It happened last year. It happens every year.
Tiger Woods, by way of an explanation more so than an excuse, is the florescent bulb that effortlessly draws in winged golf scribes. Were mesmerized by a three-quarter speed swing that produces straightaway power, by a game that should be licked in rust by months of inactivity but looks more like polished titanium.
Last year on these same palm-lined fairways Woods began the delayed final turn five strokes behind eventual champion Geoff Ogilvy and there was a collective gasp when he failed to run down the Australian on Monday.
A losing streak of one, how would the markets ever survive?
But the truth is, all of these guys are good, not just the Superman in Sunday red. Our hearts and our heads tell us the range is lined with world-class players capable of beating the odds, but Woods aura, if not his resume, simply make that reality hard to digest.
On a bad wheel in 2008, Woods lost just two of his six starts (Doral and the Masters), never mind that 44 other Tour events, and a Ryder Cup, were won by someone not named Tiger.
Never mind that the hottest player on the planet is an unassuming Aussie who proved he could beat the best the world could throw at him at Doral just as easily as he could in the desert. Marketing types may pine for a Tiger-Phil Sunday duel, like that magical spring day in 2005 when this event answered to the name Ford Championship, but we would take a Tiger-Geoff mano-e-mano match and thank the golf gods for our good fortune.
Never mind that while Woods was away a new generation emerged that grew up with the World No. 1s accomplishments taped to their bedroom walls. That Anthony Kim won at Quail Hollow, a Woods hitching post; Congressional, home to Woods own event, and at Valhalla, with assists from a Boo, Phil and Paul but no one named Tiger. That Dustin Johnson has won twice with the most intimidating long ball since John Daly was hitting it straight.
Guys like myself and I know Camilo (Villegas), we havent done enough yet to warrant somebody saying that this guy has a legitimate shot (of overtaking Woods), Kim said. Now, hes back. We have to pull through and we have to win some golf tournaments with him in the field. I think things will change.
Know this about Tour players, 100 percent of them took a celebratory swig of their Amino Vital when Woods returned and not a single one of them thought to themselves, Second place isnt bad with Woods in the field. You dont earn a spot in one of the years most elite fields with a utility-infielders mindset.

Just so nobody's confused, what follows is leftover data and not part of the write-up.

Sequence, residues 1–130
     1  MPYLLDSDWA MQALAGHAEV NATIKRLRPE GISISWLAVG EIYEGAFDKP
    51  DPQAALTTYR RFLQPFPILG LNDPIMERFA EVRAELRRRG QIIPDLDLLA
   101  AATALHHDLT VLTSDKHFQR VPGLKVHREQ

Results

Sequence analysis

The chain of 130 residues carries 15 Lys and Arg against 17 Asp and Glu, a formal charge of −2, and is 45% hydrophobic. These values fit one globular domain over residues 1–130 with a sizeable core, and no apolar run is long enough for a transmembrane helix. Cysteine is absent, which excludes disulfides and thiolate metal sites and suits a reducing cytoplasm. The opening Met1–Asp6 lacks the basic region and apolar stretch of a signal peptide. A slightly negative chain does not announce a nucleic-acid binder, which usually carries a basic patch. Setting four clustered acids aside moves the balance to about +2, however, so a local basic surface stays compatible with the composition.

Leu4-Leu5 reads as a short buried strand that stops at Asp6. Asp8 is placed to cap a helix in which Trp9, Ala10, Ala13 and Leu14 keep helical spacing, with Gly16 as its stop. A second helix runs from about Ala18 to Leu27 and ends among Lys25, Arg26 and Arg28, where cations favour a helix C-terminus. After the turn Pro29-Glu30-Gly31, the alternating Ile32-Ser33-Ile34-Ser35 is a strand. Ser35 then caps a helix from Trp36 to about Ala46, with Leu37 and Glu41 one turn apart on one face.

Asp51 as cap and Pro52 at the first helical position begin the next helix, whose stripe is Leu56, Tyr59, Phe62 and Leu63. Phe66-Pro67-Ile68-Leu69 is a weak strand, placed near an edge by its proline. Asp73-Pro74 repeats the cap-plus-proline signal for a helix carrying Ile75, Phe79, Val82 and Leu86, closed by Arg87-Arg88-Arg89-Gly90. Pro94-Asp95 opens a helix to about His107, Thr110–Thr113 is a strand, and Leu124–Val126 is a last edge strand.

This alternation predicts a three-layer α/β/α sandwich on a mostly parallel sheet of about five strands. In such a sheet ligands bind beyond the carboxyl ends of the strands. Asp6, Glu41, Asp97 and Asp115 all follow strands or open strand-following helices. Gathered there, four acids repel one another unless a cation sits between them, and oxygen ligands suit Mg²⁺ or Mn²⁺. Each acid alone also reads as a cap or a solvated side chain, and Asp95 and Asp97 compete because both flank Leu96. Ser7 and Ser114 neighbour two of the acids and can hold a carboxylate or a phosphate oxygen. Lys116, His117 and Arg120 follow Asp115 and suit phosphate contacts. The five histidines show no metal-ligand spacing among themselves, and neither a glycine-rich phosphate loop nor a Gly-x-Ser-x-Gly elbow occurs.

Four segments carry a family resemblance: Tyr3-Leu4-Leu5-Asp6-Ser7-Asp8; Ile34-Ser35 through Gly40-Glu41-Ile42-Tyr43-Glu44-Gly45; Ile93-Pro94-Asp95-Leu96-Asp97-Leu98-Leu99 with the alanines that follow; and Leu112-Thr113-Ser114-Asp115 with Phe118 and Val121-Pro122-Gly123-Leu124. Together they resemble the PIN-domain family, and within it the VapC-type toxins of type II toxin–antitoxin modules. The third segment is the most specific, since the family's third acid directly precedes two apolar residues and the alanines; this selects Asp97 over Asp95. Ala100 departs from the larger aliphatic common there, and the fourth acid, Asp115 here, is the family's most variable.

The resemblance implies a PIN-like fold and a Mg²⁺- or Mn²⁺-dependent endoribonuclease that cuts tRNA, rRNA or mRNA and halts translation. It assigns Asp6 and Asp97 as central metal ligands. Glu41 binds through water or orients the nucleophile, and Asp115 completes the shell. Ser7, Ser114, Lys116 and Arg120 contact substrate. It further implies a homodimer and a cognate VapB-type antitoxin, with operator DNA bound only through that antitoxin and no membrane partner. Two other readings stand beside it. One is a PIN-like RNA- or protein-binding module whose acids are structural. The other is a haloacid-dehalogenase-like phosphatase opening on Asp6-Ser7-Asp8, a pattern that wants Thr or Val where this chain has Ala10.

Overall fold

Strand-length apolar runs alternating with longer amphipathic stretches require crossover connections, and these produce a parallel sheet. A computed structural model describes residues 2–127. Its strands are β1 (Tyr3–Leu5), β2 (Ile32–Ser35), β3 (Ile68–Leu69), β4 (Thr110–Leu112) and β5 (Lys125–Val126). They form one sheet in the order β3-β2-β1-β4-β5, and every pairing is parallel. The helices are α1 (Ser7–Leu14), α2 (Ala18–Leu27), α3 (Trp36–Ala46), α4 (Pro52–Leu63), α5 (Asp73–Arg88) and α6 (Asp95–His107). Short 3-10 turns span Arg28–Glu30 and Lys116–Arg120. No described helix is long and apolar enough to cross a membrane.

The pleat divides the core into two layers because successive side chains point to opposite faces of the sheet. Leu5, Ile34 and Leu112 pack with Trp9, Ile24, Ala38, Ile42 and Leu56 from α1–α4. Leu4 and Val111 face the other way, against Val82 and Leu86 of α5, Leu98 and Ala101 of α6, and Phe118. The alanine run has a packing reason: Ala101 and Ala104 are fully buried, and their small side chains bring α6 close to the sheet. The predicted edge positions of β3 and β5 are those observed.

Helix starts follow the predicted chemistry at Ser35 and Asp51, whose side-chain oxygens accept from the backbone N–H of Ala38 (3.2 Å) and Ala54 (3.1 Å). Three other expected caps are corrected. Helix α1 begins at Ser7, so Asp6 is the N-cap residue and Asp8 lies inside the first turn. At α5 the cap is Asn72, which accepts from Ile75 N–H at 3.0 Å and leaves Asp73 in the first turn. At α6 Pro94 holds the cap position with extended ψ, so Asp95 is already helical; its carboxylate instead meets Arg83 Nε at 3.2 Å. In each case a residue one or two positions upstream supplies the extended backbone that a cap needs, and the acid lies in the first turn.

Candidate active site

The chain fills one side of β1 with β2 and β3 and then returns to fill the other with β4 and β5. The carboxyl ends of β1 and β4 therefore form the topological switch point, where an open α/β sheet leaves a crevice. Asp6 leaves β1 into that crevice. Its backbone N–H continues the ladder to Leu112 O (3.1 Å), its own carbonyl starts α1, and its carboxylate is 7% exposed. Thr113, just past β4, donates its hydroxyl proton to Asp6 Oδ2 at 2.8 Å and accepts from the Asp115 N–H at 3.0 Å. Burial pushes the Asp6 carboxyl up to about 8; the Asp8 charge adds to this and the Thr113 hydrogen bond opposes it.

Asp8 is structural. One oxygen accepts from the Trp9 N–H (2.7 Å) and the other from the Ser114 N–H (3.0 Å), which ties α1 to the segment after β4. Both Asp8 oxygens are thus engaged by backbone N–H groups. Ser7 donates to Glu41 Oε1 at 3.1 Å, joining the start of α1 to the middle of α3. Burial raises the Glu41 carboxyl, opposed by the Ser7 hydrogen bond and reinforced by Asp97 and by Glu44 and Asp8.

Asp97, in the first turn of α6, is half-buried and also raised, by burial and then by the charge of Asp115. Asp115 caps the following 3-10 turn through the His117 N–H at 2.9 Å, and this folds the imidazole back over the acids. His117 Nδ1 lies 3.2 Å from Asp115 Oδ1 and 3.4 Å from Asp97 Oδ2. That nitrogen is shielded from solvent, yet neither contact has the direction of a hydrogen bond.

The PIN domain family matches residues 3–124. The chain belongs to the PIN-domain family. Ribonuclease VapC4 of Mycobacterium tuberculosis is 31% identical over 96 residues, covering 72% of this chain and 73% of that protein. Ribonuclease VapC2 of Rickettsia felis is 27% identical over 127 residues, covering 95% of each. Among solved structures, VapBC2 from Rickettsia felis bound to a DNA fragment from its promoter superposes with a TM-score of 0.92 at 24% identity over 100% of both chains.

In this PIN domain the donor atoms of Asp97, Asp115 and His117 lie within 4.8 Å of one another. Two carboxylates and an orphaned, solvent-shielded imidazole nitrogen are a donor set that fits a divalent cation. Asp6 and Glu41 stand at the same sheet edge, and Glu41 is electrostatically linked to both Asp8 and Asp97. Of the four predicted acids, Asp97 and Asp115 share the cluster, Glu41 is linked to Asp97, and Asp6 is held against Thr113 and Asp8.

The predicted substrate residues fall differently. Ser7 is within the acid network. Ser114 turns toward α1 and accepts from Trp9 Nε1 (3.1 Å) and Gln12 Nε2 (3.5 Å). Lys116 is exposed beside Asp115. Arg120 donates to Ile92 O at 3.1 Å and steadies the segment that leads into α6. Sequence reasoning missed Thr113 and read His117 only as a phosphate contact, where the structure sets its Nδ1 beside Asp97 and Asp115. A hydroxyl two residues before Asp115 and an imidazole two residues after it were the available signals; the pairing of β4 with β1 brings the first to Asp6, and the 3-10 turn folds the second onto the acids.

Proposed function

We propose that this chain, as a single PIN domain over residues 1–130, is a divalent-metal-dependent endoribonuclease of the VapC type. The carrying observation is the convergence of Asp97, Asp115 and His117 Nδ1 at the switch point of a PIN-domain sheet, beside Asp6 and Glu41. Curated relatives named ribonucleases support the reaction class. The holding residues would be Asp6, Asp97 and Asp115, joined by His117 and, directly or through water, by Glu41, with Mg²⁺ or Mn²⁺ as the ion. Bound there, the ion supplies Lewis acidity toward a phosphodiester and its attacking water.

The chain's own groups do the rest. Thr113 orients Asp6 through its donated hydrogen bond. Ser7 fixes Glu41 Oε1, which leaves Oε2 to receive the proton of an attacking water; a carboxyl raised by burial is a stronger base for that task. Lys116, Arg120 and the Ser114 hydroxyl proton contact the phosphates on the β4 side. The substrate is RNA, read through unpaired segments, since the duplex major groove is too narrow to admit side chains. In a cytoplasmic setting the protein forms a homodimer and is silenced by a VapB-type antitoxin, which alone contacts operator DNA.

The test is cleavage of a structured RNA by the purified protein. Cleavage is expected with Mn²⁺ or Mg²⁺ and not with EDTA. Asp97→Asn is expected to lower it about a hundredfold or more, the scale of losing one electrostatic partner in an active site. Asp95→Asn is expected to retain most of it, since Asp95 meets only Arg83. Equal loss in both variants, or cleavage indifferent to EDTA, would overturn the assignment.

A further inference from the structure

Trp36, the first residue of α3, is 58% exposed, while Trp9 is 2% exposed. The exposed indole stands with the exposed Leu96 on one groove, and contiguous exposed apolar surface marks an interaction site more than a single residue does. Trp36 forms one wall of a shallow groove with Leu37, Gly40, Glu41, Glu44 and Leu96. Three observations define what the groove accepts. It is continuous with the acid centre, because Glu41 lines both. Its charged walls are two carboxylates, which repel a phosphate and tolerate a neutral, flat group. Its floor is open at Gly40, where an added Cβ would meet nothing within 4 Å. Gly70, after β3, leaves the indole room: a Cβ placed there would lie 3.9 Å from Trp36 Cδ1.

On Wednesday after a relaxed 18 with Mike Weir, Woods gushed about his rebuilt knee and guessed about his game. Thirty-two holes at the Match Play wasnt exactly the road test he had in mind.
Stroke play is more of a marathon, Woods said. Youre trying to set yourself up for the last round. In match play, it is the last round each and every round you play.
Who knew Woods last round in Tucson would come on Thursday?
Not that he showed up in south Florida with one eye on Augusta National, but two tournaments in 10 months is hardly ideal and money games at Isleworth Country Club with your buddies are no substitute for Sunday pressure.
Im ready to win. Thats why Im here, Woods said in his signature simplicity.
It is, after his mind, the most important building block in Woods DNA that separates him from the pack. He doesnt place tee in ground ' at Doral or Augusta or Isleworth ' not fully expecting to walk away with the winners hardware.
Its what weve come to expect, what with a .274 (237 starts, 65 victories) all-time winning percentage on Tour, and it is what draws bug-eyed scribes to him regardless of conditions or the assembled cast.
Like fading house flies, we move toward the light regardless of reason, blind to the Ogilvys and Kims of the golf world. Call it an occupational hazard.
Taking Tiger over the field sounds good on Wednesday, but ' if we learned anything from the 2008 CA Championship ' in practice its hard not to like the field, regardless how brightly Woods flame burns.